Vaccination-acquired immunity against Covid-19 significantly wanes after three months among elderly care home residents, indicating that regular booster jabs may be required for this “vulnerable” group, according to preliminary findings from the Vivaldi study led by UCL researchers.
Over than 15,000 care home residents were surveyed in 331 care homes across England between December 2020 and December 2021, with the results revealing that protection against hospitalisation and death fell by one-third three to seven months after vaccination.
The researchers found that two vaccine doses were effective at preventing 85% of hospitalisations and 94% of deaths among care home residents between two and 12 weeks after the second dose, but this protection fell to 54% of hospitalisations and 63% of deaths in the following four months.
Of 19,000 care home staff, with an average age of 45, who were also tracked in the study, protection against infection fell marginally from 50% to 42% reduced risk after three months and there appeared to be no substantial waning in immunity against severe disease, with very few hospitalisations occurring after vaccination.
Professor Laura Shallcross, public health expert at University College London and author of the paper, said: “Our data suggests that repeated booster jabs may be needed to protect elderly care home residents in future, as immunity wanes relatively quickly in this group following vaccination.
“We observe an increased risk of infection, hospital admission and death in residents as early as 12 weeks following vaccination. This underscores the critical need for continued surveillance in care homes to provide an early warning of surges in infection linked to new variants or waning immunity.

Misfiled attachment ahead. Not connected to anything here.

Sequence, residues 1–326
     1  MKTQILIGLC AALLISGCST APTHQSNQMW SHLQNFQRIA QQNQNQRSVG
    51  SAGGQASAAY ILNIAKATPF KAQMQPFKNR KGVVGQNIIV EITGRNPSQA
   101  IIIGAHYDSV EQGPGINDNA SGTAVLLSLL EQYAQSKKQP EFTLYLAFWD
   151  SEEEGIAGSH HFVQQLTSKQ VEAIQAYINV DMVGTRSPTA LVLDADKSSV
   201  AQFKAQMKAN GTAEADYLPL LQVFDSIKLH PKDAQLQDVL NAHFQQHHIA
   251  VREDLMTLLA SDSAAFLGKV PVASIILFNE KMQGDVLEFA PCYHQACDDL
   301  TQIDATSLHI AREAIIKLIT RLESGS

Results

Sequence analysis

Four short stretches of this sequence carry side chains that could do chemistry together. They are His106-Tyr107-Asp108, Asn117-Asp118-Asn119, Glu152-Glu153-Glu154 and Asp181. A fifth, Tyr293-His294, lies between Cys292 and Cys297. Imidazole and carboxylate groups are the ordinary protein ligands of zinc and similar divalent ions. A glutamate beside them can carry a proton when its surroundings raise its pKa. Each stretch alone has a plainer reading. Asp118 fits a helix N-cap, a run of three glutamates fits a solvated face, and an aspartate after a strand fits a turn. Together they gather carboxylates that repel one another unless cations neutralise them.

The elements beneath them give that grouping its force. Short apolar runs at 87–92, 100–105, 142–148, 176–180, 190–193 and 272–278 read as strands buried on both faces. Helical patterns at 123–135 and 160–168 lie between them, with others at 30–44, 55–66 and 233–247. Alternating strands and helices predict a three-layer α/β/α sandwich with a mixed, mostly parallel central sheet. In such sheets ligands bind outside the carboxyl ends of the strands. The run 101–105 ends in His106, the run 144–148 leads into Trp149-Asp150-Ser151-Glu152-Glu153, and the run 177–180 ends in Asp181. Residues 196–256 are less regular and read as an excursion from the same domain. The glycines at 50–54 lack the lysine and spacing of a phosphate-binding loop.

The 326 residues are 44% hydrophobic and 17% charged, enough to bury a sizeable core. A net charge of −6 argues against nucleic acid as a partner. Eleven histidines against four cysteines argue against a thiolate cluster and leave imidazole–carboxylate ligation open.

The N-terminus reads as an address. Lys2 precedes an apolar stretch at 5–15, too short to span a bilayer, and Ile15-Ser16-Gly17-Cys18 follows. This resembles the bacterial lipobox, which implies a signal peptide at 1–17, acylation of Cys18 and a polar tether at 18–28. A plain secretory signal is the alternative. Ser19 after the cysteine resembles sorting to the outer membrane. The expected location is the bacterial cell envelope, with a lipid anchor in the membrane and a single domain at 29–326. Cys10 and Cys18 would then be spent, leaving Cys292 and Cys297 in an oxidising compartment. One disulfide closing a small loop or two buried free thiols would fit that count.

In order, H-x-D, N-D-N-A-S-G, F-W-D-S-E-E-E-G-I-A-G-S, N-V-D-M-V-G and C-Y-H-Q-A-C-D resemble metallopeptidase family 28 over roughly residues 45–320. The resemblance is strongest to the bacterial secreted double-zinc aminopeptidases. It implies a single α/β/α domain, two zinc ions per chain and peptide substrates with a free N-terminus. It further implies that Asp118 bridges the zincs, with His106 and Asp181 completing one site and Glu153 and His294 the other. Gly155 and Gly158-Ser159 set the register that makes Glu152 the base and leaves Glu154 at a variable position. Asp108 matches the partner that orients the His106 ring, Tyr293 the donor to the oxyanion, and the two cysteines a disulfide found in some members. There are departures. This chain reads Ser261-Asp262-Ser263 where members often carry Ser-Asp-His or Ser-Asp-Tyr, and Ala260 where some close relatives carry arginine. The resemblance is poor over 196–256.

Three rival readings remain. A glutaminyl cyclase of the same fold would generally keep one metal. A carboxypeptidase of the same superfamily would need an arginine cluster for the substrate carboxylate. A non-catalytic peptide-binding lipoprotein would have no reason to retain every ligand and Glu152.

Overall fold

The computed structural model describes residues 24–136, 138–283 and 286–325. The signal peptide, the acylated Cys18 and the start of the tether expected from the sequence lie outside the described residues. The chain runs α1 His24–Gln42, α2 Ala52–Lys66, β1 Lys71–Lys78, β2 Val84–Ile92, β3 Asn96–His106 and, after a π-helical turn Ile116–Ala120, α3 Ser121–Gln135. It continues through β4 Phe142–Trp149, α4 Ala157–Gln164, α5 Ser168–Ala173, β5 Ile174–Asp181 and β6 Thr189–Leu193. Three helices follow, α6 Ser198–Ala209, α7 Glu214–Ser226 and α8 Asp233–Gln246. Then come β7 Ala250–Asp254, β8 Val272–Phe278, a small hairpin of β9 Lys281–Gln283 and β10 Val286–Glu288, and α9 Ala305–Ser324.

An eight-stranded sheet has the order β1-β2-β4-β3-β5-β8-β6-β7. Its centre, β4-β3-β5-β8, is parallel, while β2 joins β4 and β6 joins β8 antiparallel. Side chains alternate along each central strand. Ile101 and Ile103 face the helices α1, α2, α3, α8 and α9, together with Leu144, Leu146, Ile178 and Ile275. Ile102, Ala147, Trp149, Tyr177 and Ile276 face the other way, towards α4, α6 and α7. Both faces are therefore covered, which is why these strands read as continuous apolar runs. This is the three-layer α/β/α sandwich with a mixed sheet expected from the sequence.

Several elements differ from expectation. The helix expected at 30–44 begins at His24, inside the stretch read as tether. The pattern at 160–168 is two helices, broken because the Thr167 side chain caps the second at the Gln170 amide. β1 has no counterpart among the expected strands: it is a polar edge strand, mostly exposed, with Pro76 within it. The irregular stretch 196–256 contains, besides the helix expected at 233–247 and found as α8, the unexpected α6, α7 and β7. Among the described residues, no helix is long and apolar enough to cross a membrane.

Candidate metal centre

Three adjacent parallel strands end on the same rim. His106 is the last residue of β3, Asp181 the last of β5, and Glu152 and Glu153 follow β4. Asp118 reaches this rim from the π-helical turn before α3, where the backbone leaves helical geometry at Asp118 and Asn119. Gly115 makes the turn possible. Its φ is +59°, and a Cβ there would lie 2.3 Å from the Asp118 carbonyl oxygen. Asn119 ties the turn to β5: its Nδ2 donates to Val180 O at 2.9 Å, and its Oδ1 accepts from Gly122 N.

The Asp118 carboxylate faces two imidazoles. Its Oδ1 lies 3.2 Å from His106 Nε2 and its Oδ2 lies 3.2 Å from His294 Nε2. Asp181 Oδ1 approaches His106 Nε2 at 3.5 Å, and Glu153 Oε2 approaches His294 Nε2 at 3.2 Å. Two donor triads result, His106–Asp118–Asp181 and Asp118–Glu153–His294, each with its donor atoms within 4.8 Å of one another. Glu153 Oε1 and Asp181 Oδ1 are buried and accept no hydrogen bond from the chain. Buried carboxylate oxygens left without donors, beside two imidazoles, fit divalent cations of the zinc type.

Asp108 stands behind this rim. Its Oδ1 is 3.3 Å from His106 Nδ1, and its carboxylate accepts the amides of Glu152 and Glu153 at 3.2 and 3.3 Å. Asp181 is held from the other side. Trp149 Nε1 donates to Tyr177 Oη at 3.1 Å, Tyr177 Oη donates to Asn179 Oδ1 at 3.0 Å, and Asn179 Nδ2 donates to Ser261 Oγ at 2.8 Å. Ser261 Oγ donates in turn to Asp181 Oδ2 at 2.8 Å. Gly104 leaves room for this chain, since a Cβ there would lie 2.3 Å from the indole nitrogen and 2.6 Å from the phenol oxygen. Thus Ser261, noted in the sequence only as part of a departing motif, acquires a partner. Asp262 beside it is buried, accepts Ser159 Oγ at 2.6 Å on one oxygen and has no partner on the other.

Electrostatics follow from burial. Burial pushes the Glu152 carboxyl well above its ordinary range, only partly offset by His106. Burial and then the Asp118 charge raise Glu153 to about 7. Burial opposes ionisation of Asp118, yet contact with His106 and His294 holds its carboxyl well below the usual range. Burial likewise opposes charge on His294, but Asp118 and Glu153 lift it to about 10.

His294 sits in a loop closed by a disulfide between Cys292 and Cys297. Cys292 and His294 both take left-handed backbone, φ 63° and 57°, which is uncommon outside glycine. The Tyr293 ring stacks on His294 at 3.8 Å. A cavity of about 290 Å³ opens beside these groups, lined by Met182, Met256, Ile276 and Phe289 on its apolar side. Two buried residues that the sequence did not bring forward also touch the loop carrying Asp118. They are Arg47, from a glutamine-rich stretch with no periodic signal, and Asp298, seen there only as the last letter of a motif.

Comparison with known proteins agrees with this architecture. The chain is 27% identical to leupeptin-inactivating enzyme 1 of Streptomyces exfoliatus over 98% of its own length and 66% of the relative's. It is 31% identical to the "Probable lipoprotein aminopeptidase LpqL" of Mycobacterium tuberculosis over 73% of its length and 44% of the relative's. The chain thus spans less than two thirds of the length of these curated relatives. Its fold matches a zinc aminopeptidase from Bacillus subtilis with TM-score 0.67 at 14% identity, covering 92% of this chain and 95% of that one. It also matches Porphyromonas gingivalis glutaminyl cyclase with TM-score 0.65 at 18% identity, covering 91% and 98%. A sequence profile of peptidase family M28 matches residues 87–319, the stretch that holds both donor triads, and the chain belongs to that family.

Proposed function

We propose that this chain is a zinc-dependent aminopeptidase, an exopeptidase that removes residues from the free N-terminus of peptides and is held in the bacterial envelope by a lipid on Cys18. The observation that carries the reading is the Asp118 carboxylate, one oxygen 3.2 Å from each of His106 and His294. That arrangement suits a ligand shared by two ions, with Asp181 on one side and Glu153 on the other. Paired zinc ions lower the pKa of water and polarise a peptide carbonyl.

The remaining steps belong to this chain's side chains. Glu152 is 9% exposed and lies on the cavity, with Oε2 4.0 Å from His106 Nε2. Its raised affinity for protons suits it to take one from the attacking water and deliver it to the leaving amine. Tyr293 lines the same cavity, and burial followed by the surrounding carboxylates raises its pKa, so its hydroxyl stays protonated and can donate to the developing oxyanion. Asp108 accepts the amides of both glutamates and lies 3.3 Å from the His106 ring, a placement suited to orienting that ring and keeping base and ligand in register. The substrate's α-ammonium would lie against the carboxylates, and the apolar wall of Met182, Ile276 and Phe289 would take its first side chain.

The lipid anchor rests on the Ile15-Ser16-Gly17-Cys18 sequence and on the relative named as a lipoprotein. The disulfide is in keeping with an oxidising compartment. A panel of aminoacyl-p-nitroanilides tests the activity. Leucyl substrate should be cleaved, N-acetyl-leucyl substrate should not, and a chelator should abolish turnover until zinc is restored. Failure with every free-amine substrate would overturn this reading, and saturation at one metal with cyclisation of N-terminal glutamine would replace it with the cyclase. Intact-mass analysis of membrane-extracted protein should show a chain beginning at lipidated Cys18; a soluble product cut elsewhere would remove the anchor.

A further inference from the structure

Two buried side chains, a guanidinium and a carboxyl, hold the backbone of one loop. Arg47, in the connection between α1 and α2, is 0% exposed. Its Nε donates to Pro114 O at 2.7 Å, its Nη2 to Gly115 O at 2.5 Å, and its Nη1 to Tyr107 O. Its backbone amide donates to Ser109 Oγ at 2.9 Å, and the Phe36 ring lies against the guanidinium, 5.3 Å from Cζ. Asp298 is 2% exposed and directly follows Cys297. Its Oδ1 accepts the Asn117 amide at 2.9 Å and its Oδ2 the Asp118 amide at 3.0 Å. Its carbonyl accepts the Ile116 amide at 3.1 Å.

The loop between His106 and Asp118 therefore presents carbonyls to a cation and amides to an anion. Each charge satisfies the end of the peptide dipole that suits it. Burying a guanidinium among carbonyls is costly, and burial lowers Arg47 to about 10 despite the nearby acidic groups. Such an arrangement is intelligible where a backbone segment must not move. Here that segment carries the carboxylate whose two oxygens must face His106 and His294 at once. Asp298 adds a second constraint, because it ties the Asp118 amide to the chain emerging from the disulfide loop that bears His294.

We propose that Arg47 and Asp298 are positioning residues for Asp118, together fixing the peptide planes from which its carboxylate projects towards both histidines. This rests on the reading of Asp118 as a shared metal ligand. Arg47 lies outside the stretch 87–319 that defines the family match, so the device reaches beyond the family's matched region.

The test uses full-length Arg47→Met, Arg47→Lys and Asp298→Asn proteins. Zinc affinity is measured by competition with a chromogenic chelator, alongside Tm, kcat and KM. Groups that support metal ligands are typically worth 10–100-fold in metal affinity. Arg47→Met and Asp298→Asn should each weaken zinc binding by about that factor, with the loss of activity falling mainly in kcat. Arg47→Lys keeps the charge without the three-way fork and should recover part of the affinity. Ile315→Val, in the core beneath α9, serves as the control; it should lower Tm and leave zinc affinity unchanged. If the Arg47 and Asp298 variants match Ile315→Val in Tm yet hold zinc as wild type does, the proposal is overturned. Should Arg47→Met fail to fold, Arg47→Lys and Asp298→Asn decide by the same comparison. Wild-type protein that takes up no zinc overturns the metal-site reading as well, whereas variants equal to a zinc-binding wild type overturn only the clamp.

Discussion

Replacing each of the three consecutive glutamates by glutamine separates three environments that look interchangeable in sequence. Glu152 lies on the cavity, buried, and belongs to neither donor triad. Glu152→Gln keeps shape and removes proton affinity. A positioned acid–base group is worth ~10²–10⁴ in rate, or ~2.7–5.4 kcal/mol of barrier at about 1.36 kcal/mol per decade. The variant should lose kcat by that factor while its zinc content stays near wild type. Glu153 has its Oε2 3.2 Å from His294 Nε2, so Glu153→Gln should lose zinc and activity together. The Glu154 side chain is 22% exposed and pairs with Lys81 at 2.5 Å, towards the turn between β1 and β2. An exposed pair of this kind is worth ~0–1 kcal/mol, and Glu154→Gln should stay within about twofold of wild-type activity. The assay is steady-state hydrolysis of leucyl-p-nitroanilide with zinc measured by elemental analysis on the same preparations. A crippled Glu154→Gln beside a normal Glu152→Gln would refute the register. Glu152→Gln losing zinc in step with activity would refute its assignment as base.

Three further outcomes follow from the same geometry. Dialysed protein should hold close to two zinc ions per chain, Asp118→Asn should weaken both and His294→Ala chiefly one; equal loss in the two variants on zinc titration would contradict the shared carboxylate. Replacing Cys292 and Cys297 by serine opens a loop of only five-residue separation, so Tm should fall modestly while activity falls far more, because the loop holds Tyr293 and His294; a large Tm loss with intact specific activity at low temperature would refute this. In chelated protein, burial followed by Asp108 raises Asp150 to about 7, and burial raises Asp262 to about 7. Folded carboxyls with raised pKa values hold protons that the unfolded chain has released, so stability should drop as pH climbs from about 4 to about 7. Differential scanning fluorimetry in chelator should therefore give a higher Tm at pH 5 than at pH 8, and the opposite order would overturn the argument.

“Our data stops before Omicron became dominant, but it is likely this pattern of diminishing immunity after vaccination will continue with this milder variant.”
Professor Shallcross added that “annual boosters may not be enough”. A second booster (fourth dose), is being offered from April to adults aged 75 and over and residents in care homes, with the potential for further boosters to be rolled out in the autumn, depending on advice from the Joint Committee on Vaccination and Immunisation (JCVI).
“A booster every six months, based on our data, is not unreasonable,” she said, adding that it may make sense to give people an autumn booster ahead of a winter surge, as with flu. However, epidemiologists predict that Covid-19 will not settle into a regular seasonal pattern in the next year or two, with a likelihood of erratic spring and summer waves of infection.
Shallcross also raised concerns that elderly people in the community might underestimate their continued risk from Covid-19, particularly since government messaging has stressed the need to get back to normal. “People might think they’re protected and not get the next dose, but they might not be as protected as they think,” she said.
From April, a second booster (fourth dose), is being offered to adults aged 75 and over and residents in care homes. Further boosters could be rolled out in the autumn, depending on advice from the Joint Committee on Vaccination and Immunisation (JCVI), the health secretary, Sajid Javid said earlier this week.